The Fresh Loaf

News & Information for Amateur Bakers and Artisan Bread Enthusiasts

Scallion and Sesame Bread

  • Pin It
louie brown's picture
louie brown

Scallion and Sesame Bread

I was inspired by a loaf made by breadmakingbassplayer that sounded very good. I began by calculating a 75% hydration dough. With the water content from the scallions, and the addition of some sesame oil, I'm not sure how much higher than that it wound up. Parchment paper and rice flour are your friends in a case like this.

The levain was about 12% of the total weight of the dough. I bulk fermented the dough for three hours, probably too long at almost 80F, with a set of about 20 strokes in the bowl every hour. I proofed the loaf for about 45 minutes, as the kitchen was heating up from the oven. 

Unmolded onto a piece of parchment covered with sifted rice flour. To form, lifted from the bottom four times, turning the loaf a quarter turn each time, sort of like a kaiser roll. I like the shape.

Baked covered for the first ten minutes. 

The sesame oil adds even more richness to the sourdough. The scallions make the whole thing very onion-y. The crumb is soft but resilient. The crust is somewhat crumbly. Very full flavored and delicious. I had some as a tuna fish sandwich last night.

The crumb looked like this throughout. However, as the result of the forming motion on the rice flour-covered parchment, a small seam of uncooked flour turned up here and there, which is not attractive for photos.

Comments

Syd's picture
Syd

Very attractive loaf, Louie.  That is what I call a Dick Whittington bundle.  What sesame oil did you use?  The dark or the light?  This loaf really appeals to me.  Would it be okay to ask you for the recipe?

Best wishes,

Syd

louie brown's picture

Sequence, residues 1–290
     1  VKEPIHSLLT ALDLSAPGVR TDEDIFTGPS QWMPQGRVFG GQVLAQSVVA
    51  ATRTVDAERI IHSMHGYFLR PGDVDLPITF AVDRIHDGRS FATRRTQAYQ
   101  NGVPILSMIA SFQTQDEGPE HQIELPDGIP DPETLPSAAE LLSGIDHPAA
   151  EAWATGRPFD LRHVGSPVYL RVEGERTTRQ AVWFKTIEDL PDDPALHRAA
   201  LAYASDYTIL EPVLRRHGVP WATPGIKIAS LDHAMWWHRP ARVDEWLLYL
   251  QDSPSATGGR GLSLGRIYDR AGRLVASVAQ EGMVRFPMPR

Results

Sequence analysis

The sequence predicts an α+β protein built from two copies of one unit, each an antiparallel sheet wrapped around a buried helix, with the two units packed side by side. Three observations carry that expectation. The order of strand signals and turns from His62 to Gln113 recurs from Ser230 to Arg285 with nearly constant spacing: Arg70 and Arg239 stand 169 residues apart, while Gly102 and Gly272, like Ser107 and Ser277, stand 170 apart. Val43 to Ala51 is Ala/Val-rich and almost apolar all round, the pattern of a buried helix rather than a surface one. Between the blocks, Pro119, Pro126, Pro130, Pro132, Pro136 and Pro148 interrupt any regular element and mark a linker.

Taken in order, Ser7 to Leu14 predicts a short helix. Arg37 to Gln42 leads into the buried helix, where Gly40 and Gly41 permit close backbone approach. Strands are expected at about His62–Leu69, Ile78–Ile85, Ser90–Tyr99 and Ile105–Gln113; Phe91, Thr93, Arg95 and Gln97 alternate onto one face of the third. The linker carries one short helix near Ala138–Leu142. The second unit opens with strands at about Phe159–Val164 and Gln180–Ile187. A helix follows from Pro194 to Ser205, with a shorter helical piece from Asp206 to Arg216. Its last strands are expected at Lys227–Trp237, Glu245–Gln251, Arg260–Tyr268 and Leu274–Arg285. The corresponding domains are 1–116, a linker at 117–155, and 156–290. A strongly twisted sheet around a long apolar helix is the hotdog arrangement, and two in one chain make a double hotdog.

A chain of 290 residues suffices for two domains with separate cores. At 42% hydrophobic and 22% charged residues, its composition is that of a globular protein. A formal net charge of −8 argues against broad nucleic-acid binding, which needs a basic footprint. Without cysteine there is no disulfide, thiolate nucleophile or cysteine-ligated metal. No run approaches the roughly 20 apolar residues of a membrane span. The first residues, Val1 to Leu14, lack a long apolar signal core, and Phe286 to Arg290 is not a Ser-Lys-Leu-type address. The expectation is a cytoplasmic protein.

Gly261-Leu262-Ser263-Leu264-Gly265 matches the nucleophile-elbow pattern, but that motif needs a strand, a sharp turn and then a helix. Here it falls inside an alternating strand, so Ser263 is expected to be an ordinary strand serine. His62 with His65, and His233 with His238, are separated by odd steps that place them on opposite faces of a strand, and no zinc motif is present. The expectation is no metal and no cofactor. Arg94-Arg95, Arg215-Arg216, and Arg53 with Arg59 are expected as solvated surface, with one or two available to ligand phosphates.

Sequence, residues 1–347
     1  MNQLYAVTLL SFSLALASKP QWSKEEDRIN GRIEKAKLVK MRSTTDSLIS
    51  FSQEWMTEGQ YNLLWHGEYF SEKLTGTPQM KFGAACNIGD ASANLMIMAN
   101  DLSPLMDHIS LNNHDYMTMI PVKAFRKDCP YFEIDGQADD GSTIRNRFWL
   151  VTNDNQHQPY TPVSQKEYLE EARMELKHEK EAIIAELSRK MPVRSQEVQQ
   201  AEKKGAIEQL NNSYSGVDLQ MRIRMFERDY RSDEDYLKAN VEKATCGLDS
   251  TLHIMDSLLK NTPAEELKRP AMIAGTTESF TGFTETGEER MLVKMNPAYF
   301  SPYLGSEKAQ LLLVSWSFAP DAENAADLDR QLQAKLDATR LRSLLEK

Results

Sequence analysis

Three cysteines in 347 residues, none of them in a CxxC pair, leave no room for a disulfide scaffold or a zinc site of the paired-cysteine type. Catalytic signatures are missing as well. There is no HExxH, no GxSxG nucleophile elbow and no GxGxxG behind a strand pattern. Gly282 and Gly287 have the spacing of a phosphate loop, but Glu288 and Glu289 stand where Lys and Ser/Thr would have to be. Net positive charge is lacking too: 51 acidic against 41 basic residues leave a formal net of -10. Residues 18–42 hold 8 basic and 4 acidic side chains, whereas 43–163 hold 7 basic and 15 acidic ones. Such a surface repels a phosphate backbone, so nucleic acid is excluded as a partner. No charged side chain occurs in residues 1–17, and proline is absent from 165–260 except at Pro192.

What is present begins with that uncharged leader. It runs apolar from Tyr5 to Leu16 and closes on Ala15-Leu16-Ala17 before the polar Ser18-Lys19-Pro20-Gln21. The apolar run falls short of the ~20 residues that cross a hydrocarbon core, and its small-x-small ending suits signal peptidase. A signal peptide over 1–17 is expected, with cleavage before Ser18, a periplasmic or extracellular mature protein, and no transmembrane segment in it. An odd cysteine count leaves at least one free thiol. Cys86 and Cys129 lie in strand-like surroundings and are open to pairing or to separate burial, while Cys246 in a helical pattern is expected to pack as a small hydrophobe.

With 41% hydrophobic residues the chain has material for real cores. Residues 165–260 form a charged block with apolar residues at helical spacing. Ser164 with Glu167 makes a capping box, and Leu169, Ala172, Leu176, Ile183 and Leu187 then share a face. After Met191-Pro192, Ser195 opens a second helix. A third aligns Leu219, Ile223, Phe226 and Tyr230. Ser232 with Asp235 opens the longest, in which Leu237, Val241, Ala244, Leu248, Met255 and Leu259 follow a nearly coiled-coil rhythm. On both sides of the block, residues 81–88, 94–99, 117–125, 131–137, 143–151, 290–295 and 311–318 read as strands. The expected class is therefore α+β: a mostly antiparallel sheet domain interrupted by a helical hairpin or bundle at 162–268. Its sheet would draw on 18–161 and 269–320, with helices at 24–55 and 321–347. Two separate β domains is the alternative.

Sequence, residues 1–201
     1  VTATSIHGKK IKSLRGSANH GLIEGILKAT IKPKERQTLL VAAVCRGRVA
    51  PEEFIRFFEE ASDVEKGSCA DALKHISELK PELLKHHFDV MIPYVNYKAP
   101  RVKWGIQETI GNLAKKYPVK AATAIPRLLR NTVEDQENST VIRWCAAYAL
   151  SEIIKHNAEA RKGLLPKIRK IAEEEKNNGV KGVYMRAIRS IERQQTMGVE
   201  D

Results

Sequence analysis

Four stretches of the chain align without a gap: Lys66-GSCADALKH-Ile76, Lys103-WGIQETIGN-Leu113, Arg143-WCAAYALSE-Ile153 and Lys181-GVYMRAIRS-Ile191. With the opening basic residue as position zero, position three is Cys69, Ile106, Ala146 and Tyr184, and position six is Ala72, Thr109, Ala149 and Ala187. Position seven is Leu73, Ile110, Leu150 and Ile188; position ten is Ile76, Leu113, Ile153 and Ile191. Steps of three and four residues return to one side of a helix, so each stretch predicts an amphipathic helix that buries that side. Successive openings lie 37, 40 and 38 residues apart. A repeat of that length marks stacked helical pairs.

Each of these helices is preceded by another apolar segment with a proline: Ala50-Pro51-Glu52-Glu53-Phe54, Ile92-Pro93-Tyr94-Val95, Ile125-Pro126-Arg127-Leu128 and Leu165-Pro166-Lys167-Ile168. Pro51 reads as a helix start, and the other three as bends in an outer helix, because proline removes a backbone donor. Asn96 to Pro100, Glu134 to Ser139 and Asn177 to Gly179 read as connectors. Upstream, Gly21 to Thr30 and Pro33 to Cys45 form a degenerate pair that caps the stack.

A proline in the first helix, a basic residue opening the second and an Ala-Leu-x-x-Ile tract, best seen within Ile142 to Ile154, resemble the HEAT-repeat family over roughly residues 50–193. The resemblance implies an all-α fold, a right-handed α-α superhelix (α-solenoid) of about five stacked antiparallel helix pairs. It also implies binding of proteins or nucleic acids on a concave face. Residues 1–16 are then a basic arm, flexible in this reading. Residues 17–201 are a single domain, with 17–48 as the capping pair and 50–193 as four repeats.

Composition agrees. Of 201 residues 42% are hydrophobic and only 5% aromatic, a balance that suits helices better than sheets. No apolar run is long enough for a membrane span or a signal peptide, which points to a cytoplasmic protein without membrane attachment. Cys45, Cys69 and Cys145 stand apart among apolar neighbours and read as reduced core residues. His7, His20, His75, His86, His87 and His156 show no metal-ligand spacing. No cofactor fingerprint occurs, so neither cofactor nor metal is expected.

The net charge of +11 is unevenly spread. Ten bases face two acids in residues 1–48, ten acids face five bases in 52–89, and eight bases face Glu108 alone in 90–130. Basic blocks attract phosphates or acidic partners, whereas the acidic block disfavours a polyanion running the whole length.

louie brown

I will try to come up with a recipe. You know how I am with those things. I used seven scallions and two tablespoons of sesame oil for 2 pounds of dough. It occurs to me that you could use less or none at all if you don't care for what the oil does to the crumb. You could put toasted sesame seeds in the dough. I used dark sesame oil.

SallyBR's picture
SallyBR

I will definitely be paying attention once you post the recipe,  the combination of spring onion and sesame sounds too good, and your bread is gorgeous!

 

 

MadAboutB8's picture
MadAboutB8

Beautiful crum, louie. I can't really see the spring onion. Did you chopped it finely? I am also thinking of the spring onion in bread as well. It sounds perfect for the tuna sandwich. 

Sue

http://youcandoitathome.blogspot.com

louie brown's picture
louie brown

My wife does most of the prep, as my eyesight isn't really up to a lot of  detailed knife work. She does like to chop fine. I asked her for pieces about 1/8 - 1/4 inch. However they turned out, the flavor absolutely permeates the loaf. This is a very nice specialty item for a picnic or the like.

And yes, the tuna sandwich was really good!

breadsong's picture
breadsong

Hello louie,
Your bread sounds incredibly tasty with the combination of scallion and sesame!
What a lovely crumb, too.
Very lovely!
from breadsong

louie brown's picture
louie brown